for path in paths:
            path.setAttribute('fill', 'url(#%s)'%(country_code))
        return ''.join(pathssvg)
    processed_rows = []
    def_rows = []
    res_symdiff = gpd.overlay(gismap, dismap, how='difference')
    for index,row in res_symdiff.iterrows():
        dominant_pixels = []
        stops = []    
        country_code = row['ISO_A2'].lower()
        if row['NAME'] == 'France':
            country_code = 'fr'
        if row['NAME'] == 'Norway':
            country_code = 'no' 
            flag_image =".png")
        except FileNotFoundError:
        flag_image = flag_image.convert("RGB")
        # SOURCE:
        pixels = flag_image.getcolors(flag_image.width * flag_image.height)
        sorted_pixels = sorted(pixels, key=lambda t: t[0])
        for pixel in sorted_pixels:
            if pixel[0]*100/(flag_image.width * flag_image.height) > 1:
        sum = 0
        for x in dominant_pixels:
            sum += x[0]
        for pixel in dominant_pixels:
            percentage = pixel[0]*100/sum
            color = "#%02x%02x%02x" % pixel[1]
            perc = 0
            if len(country_data) > 0:
                for x in country_data:
                    perc += x['percentage']
            stops.append('<stop offset="%s%%" stop-color="%s" stop-opacity="1"/><stop offset="%s%%" stop-color="%s" stop-opacity="1"/>'%(perc,color,perc+percentage,color))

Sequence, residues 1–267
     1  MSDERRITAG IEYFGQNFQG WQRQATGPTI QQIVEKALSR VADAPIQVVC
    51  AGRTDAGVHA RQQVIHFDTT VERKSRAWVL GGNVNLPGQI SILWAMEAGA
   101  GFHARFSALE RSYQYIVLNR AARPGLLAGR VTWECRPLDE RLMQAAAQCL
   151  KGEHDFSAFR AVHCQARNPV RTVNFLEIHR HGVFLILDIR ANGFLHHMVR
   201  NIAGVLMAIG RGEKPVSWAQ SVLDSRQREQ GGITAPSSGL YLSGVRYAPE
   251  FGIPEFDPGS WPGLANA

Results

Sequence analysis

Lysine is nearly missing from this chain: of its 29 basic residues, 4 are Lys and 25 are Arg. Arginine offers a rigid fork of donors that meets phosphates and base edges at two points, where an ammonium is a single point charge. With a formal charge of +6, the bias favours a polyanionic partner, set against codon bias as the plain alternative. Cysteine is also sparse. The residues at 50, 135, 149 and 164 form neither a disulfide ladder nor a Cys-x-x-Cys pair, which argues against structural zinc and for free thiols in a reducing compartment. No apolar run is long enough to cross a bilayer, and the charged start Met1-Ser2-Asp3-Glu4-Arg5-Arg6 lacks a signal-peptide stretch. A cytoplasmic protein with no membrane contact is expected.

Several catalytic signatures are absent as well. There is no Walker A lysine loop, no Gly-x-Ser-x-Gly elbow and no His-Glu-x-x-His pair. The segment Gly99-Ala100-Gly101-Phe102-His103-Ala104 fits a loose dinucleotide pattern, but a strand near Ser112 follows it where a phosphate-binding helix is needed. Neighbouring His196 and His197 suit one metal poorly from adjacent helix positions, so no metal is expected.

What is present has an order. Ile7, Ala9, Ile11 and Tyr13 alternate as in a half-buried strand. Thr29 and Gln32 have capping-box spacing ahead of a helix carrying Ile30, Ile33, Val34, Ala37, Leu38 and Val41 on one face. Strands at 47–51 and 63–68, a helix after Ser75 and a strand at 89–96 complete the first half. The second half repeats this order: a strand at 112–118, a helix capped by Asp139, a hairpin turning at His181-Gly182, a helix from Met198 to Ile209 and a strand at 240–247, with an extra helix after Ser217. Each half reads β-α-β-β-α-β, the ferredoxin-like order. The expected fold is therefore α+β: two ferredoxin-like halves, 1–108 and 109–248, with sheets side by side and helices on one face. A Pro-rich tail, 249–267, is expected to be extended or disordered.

grad = '''<defs>
                <linearGradient x1="0" x2="0" y1="1" y2="0" id="%s">
        p = process_to_svg_group(row)
    props = {
        'version': '1.1',
        'baseProfile': 'full',
        'width': '100%',
        'height': '100%',
        'viewBox': '{}'.format(','.join(map(str, gismap.total_bounds))),
        'xmlns': '',
        'xmlns:ev': '',
        'xmlns:xlink': ''
    template = '{key:s}="{val:s}"'
    attrs = ' '.join([template.format(key=key, val=props[key]) for key in props])
    raw_svg_str = textwrap.dedent(r'''
        <?xml version="1.0" encoding="utf-8" ?>
        <svg {attrs:s}>
    ''').format(attrs=attrs, data=''.join(processed_rows),grads=''.join(def_rows)).strip()
    with open('out/map.svg', 'w') as f:

This was able to produce this map

I added the text and background using Inkscape

The curious case of France and Norway

After sharing the map on various sites, many asked about the missing France. I am not good at geography but trusted my code to make sure it didn’t miss a country. So I did some debugging and research and came to know that the shapefile I was using didn’t have ISOA2 data stored for France and Norway. My code uses the ISO A2 data to match flag files with the map so the missing data resulted in missing countries. I hard coded a couple of if statements to include both the countries and the code above is updated for that.

Github Repository